Classes you'll take in Master of Sports Management program: Your program will determine the exact classes you take, but most programs include courses in marketing, sports law, sports ethics, statistics, analytics, leadership, management, teamwork, facility operations, contract negotiation, and sports psychology.
Jobs you can get: A master's degree is a great choice if you're interested in working as a marketing manager or athletics director.
Where you'll work: Professionals with graduate-level degrees are employed in every area of sports including teams, athletics departments, agencies, and sports facilities.
You can earn a Doctor of Philosophy (PhD) in Sports Management or a Doctor of Education (EdD) in Sports Management. As rule, a PhD in sports management covers more business and practical topics while an EdD will dive deep into theory and research, but the specifics of what each degree entails will depend on your school.
What you'll study: Many doctoral programs are focused on research and analyzing sports data and information, but you'll gain in-depth knowledge of sports management topics you can use in business roles.
Prerequisites: You'll need a master's degree from an accredited university. Most doctoral programs will require that your master's degree is in sports management or a related area such as business administration or finance. You'll likely need a solid GPA, letters of reference, and a personal essay as well.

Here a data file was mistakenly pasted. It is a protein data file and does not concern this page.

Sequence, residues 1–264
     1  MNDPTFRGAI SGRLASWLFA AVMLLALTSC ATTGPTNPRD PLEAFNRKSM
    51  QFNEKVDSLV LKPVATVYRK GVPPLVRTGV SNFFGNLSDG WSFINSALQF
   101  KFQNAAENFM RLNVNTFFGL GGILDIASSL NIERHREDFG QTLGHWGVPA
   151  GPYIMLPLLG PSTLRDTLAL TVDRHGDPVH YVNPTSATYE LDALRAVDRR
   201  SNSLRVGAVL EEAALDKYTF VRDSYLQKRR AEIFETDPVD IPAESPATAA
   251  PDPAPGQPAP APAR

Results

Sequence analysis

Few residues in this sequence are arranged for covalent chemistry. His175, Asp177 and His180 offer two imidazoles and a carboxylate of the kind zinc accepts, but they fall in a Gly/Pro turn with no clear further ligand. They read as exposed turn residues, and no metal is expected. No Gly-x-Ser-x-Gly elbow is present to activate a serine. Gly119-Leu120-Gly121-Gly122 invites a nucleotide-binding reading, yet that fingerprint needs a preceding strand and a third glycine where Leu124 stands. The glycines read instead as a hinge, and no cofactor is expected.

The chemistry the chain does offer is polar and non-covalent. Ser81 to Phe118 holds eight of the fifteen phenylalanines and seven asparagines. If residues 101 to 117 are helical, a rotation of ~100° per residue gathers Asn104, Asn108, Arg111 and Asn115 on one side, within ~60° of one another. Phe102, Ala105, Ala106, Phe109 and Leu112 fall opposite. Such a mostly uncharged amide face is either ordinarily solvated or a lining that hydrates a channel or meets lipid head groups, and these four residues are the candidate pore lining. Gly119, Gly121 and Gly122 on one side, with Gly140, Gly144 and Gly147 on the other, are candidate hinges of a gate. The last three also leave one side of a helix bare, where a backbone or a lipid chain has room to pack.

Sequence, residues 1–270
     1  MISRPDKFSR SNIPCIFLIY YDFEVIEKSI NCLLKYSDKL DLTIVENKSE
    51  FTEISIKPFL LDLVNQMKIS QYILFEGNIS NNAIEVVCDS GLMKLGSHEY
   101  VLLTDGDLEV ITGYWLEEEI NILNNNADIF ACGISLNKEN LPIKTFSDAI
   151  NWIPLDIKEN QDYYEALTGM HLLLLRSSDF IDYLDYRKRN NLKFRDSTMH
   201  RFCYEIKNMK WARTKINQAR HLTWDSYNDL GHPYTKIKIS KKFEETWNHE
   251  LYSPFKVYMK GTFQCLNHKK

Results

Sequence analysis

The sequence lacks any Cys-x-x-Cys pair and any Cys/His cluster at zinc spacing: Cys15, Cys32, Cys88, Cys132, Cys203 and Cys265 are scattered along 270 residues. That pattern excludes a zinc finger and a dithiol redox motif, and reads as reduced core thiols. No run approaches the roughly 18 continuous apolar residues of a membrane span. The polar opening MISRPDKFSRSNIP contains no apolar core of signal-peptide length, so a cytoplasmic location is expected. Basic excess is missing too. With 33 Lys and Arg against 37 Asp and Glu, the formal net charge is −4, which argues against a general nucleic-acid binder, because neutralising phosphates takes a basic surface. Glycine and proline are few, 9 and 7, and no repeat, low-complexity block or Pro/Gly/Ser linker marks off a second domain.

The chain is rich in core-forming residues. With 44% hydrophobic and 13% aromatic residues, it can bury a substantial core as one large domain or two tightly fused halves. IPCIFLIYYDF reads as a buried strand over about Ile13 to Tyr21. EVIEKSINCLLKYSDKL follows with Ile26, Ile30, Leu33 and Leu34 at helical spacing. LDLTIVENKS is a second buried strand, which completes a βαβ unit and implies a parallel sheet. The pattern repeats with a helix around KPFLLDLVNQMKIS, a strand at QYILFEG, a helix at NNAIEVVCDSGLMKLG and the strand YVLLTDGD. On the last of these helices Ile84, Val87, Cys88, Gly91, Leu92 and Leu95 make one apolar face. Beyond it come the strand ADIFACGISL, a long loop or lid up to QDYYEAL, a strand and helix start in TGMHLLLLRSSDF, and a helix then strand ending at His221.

Classes you'll take: Your exact coursework will depend on your program and degree. Common courses include advanced sports administration, sports law, sports economics and finance, advanced sports marketing, sports leadership and ethics, organization structure and change, advanced statistics, qualitative data analysis, project design and management, and leadership in sports.
Jobs you can get: You can use this degree to earn a role as the director of a sports league, a professor at the university level, a sports research analyst, or other top management and administrative level roles.
Where you'll work: Doctoral-level professionals can find work at universities, athletic departments, sports leagues, sports teams, and athletic facilities.
What About Certification?
Whether certification is required in sports management depends on your specific job title. In general, you won't be required to earn certification to work in the field. There are two important exceptions: